Here, we show that retroviral GAG and the GAG-interacting RNA packaging signals can recruit AGO2 onto RNA without eliciting translation repression. However, our results also confirm an important contribution of host miRNAs in the interaction of AGO2 with retroviral RNAs (12
). In fact, the majority of HIV-1 RNAs requires host miRNAs to interact with AGO2: 70% of unspliced and 98% of spliced HIV-1 RNAs interact with AGO2 in a miRNA-dependent manner (C). Thus, we can now distinguish at least two ways to recruit AGO2 on retroviral mRNAs: one elicited by host miRNAs (12
) and a second, mediated by GAG and the RNA packaging sequences. These two types of interaction are not exclusive and are probably implicated in distinct steps of the retroviral life cycle. As viruses have co-evolved with the miRNA repertoire of their hosts (14
), the first mode, that is dependent on host miRNAs, could have an impact on retroviral replication: for instance, at a particular time point [e.g.
latent infection (17
)], in specific cells [e.g.
resting cells (17
)] and/or with certain RNAs (e.g.
spliced RNAs, C). On the other hand, mRNA recognition by miRNAs [ and (12
)], interaction with other RNAi proteins [such as DCP1 (A and A) or AGO1 (D and C)] and sequestration in P-bodies (19
) could also represent deleterious consequences of the recruitment of AGO2 or other miRNA-related components on viral RNAs. PFV-1 and HIV-1 could have therefore developed protein- or RNA-based strategies to limit the negative effects of cellular miRNAs (12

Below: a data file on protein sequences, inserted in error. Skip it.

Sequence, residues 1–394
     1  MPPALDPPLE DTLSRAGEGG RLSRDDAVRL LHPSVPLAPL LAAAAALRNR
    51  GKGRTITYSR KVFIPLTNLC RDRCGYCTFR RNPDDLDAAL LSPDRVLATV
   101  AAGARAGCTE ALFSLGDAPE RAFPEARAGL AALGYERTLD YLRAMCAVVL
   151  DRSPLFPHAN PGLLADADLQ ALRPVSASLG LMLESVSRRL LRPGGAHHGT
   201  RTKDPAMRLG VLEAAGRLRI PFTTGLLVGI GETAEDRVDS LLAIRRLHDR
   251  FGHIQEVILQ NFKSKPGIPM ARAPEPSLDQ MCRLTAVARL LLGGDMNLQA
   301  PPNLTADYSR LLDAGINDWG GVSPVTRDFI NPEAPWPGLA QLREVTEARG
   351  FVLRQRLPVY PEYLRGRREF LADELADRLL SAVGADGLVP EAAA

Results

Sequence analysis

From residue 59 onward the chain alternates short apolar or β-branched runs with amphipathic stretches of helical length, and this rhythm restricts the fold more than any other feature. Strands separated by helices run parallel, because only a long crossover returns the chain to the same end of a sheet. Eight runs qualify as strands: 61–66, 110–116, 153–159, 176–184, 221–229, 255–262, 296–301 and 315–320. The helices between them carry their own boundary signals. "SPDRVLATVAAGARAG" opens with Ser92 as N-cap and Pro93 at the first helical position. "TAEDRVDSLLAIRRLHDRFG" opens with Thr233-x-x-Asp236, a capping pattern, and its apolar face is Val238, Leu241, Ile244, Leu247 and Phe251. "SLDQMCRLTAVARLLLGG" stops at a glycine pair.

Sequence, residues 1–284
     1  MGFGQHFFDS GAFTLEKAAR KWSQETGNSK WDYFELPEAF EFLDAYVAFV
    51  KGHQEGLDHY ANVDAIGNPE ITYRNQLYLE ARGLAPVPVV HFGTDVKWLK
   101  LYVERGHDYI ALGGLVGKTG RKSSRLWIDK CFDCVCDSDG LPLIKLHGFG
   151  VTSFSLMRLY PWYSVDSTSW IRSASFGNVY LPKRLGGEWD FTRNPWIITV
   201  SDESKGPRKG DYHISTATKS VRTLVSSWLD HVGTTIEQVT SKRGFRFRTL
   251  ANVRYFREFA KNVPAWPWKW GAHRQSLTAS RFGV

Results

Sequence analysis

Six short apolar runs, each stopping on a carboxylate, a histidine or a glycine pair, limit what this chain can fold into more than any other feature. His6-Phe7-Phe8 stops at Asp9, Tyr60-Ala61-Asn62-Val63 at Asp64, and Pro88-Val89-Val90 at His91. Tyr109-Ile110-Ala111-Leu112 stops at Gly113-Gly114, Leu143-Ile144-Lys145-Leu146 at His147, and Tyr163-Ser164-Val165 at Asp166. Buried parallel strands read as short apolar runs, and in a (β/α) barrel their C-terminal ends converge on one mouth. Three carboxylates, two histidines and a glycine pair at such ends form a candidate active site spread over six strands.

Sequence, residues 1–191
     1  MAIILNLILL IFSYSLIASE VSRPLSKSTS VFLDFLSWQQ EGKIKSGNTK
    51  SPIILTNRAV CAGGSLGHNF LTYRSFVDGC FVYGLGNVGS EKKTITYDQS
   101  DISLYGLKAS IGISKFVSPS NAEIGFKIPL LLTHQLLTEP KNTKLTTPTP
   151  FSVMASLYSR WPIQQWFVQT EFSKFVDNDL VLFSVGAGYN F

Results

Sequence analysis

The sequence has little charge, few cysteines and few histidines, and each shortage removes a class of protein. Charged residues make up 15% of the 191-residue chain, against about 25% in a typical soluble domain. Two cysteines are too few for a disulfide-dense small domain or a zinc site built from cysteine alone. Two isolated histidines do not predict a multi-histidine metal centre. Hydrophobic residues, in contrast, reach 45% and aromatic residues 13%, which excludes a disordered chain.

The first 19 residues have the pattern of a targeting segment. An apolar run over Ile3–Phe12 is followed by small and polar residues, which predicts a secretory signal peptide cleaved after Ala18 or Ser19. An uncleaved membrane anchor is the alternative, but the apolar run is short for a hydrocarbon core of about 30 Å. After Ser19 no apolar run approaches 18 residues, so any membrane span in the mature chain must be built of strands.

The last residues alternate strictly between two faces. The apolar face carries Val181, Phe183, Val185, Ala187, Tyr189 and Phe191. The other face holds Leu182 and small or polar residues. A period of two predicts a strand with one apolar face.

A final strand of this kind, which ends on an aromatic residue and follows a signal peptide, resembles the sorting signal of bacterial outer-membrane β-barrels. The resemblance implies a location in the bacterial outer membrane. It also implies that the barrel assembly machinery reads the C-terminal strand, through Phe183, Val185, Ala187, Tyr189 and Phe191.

). Interestingly, host miRNAs also play both beneficial and detrimental roles in HCV replication (13
) and AGO2 was recently shown to be required for efficient HCV replication (27
). Similar to the retroviral GAG protein, the miR-122 recruits an AGO2-containing complex onto viral mRNAs (27
) with unclear consequences: miR-122 is able to stimulate HCV translation (50
) but this effect is not sufficient to fully explain its actions on HCV replication (14
). Recently, and in accordance with our results, the replication of HCV RNA was shown to depend on recruitment of AGO2 and miR-122 to lipid droplets, not P-bodies, while suppression of HCV RNA by siRNA and AGO2 involves interaction with P-bodies (53
). It has been postulated that the miR-122 interaction with HCV RNA changes during the viral life cycle (28
), as hypothesized here in the case of the interactions between retroviral RNAs and AGO2. Hence, it is possible that HCV and retroviruses similarly hijack some AGO2 functions that are not related to translation regulation. Provided, the considerable differences existing between Retroviridae
, it is tempting to speculate that these AGO2 functions are also implicated in the replication of other viruses. The experiments showing that vaccinia, influenza A or encephalomyocarditis viruses are not affected by the blockade of miRNA biogenesis (15
) do not exclude an authentic contribution of some RNAi-related proteins, in particular AGO2, in their replication.
Taken together, our results shed a new light on the cellular functions of AGO2 as it can be recruited onto messenger RNAs without eliciting RNA silencing. Our results support the idea that AGO2 has original functions that are not related to miRNAs and RNA silencing (54
). In fact, AGO2 has previously been found in specific protein complexes that are not linked to miRNA biogenesis or RNA interference (54
). We anticipate that these functions will be deciphered by further studies on the AGO2-containing complex(es) implicated in viral replication.